Australians are saving $12.7 million a day by ditching the daily commute to work, according to new research.
Aussies spend a combined $34.4 million travelling to and from work a day, but with many people working from home a huge portion of that is going unspent, a survey by Australian company Finder found.
That means individually, Aussies are saving up to as much as $7 a day — or about $150 a month.
But this unexpected silver lining isn’t set to last, with Scott Morrison launching his three-step plan to bring the economy back to normal by July.
The Finder survey found that 4.8 million employees are now working from home because of the pandemic.
When it comes to commuting, Opal and ABS data shows that Aussies typically spend the most on driving to work, forking out more than $10.5 million per day one way.
This is followed by train fares ($3.7 million), bus fares ($1.4 million) and driving a personal truck ($313,500).
On an individual level, Australians who use the train are saving almost $5 a day simply by not travelling to the office.
Bus users are also going to save a fair bit as lockdown continues — around $4.10 everyday.
Ferry-users are set to save the most, with a whopping $7 a day on average staying in their bank accounts.
That’s roughly $150 a month.
Graham Cooke, insights manager at Finder, said that with the end of lockdown now in sight, Aussies should save what they can while working remotely.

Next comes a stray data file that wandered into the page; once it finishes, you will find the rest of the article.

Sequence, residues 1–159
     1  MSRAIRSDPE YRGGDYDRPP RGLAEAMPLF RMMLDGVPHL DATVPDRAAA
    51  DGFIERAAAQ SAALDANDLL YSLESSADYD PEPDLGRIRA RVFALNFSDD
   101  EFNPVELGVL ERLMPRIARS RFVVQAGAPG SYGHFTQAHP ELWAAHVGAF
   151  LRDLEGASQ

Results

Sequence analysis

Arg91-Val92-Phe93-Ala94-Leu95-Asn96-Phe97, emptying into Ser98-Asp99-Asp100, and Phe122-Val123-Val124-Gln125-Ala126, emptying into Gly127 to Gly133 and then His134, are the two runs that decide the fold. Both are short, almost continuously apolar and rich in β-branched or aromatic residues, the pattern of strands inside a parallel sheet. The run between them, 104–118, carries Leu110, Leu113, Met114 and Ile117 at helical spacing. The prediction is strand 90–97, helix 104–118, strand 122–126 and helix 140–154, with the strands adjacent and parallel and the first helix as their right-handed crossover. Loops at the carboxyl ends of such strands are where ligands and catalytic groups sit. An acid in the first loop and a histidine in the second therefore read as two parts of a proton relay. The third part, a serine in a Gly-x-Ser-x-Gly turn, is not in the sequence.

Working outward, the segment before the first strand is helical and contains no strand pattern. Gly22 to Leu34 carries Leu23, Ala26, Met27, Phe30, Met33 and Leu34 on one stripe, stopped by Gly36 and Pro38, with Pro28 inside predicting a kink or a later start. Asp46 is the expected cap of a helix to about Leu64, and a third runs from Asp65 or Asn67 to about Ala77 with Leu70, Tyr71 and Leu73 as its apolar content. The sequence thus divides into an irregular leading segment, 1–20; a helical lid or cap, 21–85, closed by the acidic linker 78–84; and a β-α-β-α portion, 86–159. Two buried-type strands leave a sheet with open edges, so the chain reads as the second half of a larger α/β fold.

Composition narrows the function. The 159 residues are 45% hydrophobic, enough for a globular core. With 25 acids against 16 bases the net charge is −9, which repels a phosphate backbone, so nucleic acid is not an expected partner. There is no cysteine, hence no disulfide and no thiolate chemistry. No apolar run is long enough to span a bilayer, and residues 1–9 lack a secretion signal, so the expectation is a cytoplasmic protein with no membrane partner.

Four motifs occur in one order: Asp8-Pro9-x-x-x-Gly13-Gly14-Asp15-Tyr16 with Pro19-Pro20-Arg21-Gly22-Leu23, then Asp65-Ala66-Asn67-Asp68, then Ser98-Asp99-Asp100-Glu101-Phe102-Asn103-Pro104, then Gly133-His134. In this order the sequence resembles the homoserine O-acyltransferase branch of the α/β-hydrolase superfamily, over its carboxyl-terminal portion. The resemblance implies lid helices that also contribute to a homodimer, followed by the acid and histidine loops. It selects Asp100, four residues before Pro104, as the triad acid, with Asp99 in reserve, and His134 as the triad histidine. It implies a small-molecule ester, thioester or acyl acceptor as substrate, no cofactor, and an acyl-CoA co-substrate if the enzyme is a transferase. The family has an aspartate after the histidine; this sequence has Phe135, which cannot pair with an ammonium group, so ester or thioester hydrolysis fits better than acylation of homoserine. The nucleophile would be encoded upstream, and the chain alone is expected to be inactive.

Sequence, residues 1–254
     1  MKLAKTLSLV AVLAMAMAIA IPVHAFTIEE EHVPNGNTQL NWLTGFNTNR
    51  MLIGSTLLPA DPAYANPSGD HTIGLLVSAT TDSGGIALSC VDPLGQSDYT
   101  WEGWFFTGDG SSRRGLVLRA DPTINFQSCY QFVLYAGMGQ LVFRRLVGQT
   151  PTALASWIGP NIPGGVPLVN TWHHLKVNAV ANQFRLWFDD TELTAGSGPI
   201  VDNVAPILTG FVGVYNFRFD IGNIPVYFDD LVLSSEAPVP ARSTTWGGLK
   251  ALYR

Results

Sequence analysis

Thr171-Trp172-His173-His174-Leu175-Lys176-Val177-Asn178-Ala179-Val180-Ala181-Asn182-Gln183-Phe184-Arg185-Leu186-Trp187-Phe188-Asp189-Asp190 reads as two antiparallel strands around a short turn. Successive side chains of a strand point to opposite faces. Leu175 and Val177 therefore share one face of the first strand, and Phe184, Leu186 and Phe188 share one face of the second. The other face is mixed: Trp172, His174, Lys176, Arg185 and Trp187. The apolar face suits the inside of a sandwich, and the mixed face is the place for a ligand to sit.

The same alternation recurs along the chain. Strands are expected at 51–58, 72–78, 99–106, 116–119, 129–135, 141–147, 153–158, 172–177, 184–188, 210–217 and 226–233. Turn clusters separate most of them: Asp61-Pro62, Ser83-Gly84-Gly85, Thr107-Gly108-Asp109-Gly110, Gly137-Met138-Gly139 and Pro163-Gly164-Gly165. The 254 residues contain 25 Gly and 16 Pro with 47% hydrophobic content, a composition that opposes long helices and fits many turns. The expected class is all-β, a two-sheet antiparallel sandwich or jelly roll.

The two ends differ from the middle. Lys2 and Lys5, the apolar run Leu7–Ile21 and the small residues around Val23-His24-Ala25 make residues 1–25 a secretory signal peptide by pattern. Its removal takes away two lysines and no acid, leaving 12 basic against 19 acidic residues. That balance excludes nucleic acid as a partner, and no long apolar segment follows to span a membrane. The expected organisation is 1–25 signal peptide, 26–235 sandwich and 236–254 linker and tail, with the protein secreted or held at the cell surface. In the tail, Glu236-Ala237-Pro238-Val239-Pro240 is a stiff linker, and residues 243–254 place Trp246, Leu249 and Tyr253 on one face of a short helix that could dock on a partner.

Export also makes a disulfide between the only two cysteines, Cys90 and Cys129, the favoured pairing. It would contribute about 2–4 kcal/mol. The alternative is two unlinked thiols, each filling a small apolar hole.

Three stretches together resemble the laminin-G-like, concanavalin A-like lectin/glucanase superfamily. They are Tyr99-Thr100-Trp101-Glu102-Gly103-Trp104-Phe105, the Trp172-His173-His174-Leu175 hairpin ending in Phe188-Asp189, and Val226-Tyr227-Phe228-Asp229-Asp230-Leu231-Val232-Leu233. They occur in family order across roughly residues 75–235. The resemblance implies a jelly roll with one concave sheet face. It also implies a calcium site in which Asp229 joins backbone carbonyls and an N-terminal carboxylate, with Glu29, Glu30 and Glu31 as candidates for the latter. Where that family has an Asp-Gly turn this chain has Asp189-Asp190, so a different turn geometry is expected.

“A simple savings hack is to set aside what you’d usually spend on transport during this time and put it in your rainy day fund instead,” Mr Cooke said.
He believes that commuting may soon be a thing of the past.
“Thousands of companies are now functioning online, and the majority of workers have proven they can work efficiently at home,” he said.
“With restrictions set to lift by July, it will be interesting to see if workplaces continue to offer increased flexibility around remote working.
“Not only will this help Aussies to save on transport costs, it may also help to free up traffic on the roads and lower pollution levels as the country transitions back to normal.”
It’s not the only change expected to happen in the workplace in a post-pandemic world.
Businesses are being urged to stagger the times employees start and finish work ahead of a planned easing of COVID-19 restrictions over the coming months.
Authorities have begun planning for the resumption of normal trading with the Commonwealth and state governments readying for the associated influx of people on public transport.
Originally published as Aussies are saving up to $12m a day